Strategies for Securing a Remote Workforce
Episode 2026th March 2020 • The New CISO • Steve Moore
00:00:00 00:48:19

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Building Up To A Position Of Power

Holding the dual position of CTO/CISO needs to come with a lot of experience and drive. Being able to build the security organization around the needs of the company led to being both the Chief Technology Officer as well as Chief Information Security Officer. Noticing what was interfering with the safety of the company through passive observation has directly played into both roles. Doing research, having conversations, and interacting with other people are all examples of seemingly passive observations. 


Advice To A Younger Self

A great piece of advice is to not limit your thinking to what technology can be and how it can evolve. Also not limiting how these technological advances can be applied to benefit you and your company. An example such as the invention of virtual doctor appointments is a use of technology many never even considered an option not too long ago. This did pose some security concerns, but the program was able to built around the technology, and the team was prepared for these changes. 


Remotely Working Advice In Uncertain Times

Some positions such as doctors and nurses do not really have the option to work completely remotely patients need to be seen. But more administrative positions, also support positions absolutely can safely work from home. There are going to be concerns anytime a huge shift in the workday changes. Inside threats can be large or small, something as simple as the employees not getting the work done from home to something larger like medical information being released to the wrong people which is a direct HIPAA violation. Pushing it even further, what if that information was sold for profit by an employee. Identify the threats before they become a major crisis.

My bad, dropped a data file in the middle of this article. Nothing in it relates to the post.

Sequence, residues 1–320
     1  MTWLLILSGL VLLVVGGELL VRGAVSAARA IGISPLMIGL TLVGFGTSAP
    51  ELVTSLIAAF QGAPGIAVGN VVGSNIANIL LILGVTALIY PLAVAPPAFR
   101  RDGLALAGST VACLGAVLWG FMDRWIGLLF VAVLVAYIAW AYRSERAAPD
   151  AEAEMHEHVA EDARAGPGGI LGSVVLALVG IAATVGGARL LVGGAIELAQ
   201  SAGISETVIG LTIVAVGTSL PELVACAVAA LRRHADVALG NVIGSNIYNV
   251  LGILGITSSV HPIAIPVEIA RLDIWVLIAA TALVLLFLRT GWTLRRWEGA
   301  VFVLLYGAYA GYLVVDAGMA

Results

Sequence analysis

When working from home to want to essentially replicate the way work was done on premises. If most meetings were conference calls that can easily be done at home. If meetings were typically done in person around a conference table, use group video chat for these meetings at home. From a leadership standpoint working remotely can bring up unique challenges. Not everyone is as familiar with technology or the software needed to make these connections, so giving the education on the tools used could be a great first step when moving to a remote workforce. Getting everyone on the same technology, making sure teams have the access they need, and making sure that the security isn’t abandoned because of an emergency are all great points to cover upfront. In some cases purchases and upgrades may need to happen before the shift to remote work. Making sure the right purchases are being made for the unique situation the company is in can make or break your budget. Another great piece of advice is to spend the company money as if it were your own. When clients come to you with an example of breach and are worried that it could happen to them, do the research and explain to them the truth. Explain how that breach happened, and stress to them that human error causes more issues than technology failure, and a combination of the two is what leads to the most unfortunate events. 


What Being A New CISO Means 

Mentorship plays a big role, grooming a member or members of your team so that can confidently replace yourself when the time comes. Security is everywhere in all aspects of our lives, the new CISO needs to be think big picture. 


Steve Moore: Linkedin

Martin Littmann: Linkedin

Kelsey-Seybold Clinic: Website

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